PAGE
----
Cochlear sensitivity in children with chronic kidney disease and end-stage renal disease undergoing hemodialysis.
Auditory system abnormalities commonly occur in patients with chronic renal disease and end-stage renal disease undergoing hemodialysis. The aim of this study was to determine the relationship between cochlear sensitivity and hemodialysis in dialytic and non-dialytic chronic kidney disease patients.
The study included children aged 6-18 years that were divided into 3 groups: 36 non-dialytic patients with chronic kidney disease, 16 end-stage renal disease patients undergoing hemodialysis, and 30 healthy controls. Blood urea nitrogen, serum cystatin C levels, duration of chronic kidney disease, and the duration of hemodialysis were compared between the chronic kidney disease patients and end-stage renal disease patients undergoing hemodialysis. Hearing health was measured via tympanometry, pure-tone audiometry and distortion product otoacoustic emissions testing.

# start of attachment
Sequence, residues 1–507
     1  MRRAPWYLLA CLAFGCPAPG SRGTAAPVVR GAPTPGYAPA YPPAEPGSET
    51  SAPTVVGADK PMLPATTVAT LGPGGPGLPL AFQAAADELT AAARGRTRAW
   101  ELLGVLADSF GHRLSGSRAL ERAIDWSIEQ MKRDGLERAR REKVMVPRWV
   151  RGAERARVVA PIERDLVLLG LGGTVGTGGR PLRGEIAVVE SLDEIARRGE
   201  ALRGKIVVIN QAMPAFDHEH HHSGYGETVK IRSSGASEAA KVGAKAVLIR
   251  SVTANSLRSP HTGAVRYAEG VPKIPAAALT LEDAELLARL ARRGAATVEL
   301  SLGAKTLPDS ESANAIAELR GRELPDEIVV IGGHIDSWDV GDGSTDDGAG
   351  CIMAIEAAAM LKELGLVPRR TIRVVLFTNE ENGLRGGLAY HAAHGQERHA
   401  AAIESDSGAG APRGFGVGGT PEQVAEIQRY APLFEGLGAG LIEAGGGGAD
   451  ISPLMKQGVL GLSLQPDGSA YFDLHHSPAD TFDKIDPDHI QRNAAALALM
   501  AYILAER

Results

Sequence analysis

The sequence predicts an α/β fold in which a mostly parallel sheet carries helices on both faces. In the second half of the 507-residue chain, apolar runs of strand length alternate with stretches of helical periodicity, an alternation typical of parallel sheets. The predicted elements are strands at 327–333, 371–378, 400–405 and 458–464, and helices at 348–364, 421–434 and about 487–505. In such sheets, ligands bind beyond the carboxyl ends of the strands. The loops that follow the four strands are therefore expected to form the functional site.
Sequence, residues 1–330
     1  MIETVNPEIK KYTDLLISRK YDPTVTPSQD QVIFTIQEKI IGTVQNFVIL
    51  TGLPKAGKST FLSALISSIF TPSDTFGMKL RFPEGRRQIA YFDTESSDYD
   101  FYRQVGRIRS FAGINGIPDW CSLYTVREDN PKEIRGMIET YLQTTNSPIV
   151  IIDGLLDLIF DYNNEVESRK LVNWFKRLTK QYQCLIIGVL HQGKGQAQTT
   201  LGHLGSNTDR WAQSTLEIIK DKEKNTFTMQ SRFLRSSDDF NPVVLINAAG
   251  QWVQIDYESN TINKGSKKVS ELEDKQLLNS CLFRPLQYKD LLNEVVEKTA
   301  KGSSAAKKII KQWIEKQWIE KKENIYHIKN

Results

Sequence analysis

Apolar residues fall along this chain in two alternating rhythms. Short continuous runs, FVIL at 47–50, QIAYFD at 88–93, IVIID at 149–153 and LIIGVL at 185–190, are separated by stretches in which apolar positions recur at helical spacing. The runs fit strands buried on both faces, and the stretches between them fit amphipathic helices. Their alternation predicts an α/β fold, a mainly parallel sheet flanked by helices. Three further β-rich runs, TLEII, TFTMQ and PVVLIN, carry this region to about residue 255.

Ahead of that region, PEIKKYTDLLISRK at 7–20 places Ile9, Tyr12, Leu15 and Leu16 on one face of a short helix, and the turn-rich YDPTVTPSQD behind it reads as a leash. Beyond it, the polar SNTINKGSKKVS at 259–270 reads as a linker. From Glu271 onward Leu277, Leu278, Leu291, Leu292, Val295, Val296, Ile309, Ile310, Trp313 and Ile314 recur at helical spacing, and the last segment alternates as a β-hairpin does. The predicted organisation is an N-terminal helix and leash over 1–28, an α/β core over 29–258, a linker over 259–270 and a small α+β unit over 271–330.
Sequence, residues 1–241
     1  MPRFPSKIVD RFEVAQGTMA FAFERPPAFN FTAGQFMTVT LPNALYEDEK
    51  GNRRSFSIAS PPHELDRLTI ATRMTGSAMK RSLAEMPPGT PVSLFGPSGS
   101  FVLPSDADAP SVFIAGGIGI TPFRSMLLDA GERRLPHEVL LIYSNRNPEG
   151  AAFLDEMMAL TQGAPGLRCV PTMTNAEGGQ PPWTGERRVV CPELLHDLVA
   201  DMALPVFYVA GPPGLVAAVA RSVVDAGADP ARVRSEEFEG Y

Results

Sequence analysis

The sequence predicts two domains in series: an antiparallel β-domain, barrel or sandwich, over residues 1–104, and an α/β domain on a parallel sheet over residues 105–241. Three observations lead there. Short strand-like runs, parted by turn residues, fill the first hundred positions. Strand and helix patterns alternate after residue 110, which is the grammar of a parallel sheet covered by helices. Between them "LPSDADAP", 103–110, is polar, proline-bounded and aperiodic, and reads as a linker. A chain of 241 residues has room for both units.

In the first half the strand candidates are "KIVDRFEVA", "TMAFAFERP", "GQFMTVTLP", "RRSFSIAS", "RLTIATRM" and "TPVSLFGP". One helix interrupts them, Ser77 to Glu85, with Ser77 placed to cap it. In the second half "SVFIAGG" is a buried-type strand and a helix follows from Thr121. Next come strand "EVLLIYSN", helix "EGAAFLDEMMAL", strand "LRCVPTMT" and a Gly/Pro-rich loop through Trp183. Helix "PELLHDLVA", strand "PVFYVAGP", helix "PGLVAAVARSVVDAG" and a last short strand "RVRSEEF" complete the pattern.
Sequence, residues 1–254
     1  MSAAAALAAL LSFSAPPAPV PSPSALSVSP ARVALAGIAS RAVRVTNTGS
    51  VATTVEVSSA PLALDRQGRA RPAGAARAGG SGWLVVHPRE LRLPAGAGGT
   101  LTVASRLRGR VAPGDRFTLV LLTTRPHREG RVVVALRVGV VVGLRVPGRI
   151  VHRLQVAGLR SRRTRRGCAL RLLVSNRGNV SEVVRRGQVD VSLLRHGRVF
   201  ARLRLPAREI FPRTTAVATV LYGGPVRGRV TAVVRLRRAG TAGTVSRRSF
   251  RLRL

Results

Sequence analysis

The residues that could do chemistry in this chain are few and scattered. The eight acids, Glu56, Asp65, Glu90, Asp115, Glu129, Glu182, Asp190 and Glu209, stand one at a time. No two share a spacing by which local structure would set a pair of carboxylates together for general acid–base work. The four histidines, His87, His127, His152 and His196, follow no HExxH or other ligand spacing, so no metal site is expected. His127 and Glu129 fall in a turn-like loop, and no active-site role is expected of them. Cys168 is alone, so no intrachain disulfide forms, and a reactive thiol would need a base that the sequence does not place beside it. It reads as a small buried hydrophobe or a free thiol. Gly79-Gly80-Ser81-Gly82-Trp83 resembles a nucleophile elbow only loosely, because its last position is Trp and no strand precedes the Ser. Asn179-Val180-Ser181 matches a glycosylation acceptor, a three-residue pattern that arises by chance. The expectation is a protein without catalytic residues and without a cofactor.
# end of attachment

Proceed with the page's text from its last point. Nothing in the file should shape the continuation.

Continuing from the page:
The present findings show that there was impaired cochlear function in the dialytic and non-dialytic patient groups, regardless of hearing loss, as compared to the control group. Patients with chronic renal disease-both dialytic and non-dialytic-should be monitored to prevent any further deterioration by avoiding potential ototoxic agents, even if their hearing thresholds are within normal limits.